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We used [18F]FDG and PET in patients with obsessive–compulsive disorder (OCD) to evaluate cerebral metabolic involvement before and after treatment with serotonin-specific reuptake inhibitors.
In 11 untreated, drug-free adults, regional cerebral metabolic rate for glucose (rCMRglu) was compared with that of 15 age-matched normal controls.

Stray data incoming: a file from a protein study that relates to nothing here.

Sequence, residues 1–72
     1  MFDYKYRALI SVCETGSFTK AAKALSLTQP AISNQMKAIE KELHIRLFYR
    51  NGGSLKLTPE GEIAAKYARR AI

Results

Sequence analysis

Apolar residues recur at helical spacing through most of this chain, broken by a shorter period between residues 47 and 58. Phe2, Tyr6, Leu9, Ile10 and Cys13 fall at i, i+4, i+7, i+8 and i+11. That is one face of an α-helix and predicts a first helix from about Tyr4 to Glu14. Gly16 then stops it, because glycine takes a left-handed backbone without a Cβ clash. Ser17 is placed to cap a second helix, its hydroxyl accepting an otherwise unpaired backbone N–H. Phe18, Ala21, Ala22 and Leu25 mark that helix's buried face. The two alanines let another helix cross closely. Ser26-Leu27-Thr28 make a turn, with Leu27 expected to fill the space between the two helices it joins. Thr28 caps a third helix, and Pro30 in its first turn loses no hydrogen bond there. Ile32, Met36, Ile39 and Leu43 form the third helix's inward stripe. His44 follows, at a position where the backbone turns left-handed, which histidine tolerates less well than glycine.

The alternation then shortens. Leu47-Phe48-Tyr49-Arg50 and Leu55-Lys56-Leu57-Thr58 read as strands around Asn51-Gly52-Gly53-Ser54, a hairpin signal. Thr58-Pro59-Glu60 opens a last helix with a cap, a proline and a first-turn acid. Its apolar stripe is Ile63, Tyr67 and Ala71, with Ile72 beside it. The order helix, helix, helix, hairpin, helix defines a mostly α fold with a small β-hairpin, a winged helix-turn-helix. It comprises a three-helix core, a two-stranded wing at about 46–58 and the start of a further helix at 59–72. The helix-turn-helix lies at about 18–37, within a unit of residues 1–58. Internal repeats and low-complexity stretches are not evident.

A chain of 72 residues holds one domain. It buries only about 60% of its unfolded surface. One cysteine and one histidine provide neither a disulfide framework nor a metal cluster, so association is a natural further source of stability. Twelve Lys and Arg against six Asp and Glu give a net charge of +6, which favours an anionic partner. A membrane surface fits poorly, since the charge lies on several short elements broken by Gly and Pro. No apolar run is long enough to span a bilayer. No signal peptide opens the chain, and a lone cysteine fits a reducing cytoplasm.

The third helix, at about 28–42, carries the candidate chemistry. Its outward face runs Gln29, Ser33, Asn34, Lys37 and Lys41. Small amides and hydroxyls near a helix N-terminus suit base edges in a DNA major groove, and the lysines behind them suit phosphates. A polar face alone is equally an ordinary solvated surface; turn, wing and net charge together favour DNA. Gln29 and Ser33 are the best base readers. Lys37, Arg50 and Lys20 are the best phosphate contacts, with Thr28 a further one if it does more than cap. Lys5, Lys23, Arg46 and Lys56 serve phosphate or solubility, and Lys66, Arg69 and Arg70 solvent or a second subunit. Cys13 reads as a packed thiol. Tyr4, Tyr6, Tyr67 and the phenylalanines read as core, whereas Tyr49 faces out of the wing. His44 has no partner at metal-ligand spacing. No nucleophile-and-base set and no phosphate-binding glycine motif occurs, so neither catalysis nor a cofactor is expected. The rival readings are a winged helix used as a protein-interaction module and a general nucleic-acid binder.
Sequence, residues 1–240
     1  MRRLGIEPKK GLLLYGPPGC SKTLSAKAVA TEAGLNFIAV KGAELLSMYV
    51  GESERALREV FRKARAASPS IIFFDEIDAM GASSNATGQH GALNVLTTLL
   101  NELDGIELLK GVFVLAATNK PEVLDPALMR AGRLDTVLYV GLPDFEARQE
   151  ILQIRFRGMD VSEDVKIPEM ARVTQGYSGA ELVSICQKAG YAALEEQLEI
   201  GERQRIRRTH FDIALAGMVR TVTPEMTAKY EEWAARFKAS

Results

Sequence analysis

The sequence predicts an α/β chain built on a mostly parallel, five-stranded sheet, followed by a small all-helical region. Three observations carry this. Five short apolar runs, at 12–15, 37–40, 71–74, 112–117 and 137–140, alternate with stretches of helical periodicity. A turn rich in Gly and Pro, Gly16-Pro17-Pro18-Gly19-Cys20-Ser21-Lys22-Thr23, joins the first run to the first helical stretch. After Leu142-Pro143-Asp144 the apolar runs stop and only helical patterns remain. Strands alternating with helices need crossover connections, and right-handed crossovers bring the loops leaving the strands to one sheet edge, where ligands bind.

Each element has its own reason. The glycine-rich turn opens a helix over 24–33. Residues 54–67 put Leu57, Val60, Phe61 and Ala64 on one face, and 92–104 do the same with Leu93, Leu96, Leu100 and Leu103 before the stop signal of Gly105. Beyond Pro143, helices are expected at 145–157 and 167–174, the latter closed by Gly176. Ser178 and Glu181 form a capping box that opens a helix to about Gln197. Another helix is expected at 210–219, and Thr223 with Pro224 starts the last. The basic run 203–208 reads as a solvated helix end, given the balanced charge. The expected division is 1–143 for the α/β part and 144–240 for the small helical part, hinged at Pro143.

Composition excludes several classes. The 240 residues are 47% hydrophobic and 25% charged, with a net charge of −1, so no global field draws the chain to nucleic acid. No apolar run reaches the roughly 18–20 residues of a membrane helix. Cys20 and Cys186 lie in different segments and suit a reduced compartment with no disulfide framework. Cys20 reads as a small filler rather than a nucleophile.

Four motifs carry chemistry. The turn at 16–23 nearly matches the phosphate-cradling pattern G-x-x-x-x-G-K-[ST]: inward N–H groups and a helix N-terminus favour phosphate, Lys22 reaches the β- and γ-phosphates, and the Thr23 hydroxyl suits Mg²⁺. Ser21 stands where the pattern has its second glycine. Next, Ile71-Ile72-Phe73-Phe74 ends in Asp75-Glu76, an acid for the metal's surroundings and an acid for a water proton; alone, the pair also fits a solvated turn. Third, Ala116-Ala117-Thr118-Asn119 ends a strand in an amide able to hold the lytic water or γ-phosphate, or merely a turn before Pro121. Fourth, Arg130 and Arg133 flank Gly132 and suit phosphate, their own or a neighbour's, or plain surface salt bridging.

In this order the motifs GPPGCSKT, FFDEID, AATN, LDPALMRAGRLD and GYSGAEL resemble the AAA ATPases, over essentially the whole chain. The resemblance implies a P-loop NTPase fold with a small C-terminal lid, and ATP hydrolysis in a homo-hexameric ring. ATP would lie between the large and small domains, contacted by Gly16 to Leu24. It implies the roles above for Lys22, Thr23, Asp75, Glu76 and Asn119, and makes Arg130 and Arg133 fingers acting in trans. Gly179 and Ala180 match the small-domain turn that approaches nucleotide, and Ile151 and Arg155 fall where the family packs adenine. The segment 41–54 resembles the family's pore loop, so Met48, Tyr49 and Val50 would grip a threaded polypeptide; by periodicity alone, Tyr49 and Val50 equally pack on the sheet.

rCMRglu values were significantly increased in the cingulate cortex, thalamus and pallidum/putamen complex. After treatment a significant improvement in obsessive–compulsive symptoms on the Y-BOC scale (t = 3.59, P < 0.01) was associated with a significant bilateral decrease of metabolism in the whole cingulate cortex (P < 0.001). Clinical and metabolic data were significantly intercorrelated (Kendall's τ = 0.65; P < 0.01).
These findings indicate that OCD is associated with functional hyperactivity of a selected neuronal network and that treatment to reduce symptoms may have a selective neuromodulatory effect on cingulate cortex.
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